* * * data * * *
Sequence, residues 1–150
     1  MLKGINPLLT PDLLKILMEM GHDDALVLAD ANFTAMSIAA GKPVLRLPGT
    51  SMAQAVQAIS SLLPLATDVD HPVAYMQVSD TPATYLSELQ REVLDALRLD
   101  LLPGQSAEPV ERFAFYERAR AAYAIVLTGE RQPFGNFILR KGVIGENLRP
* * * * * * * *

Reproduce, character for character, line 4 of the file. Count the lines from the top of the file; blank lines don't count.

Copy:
   101  LLPGQSAEPV ERFAFYERAR AAYAIVLTGE RQPFGNFILR KGVIGENLRP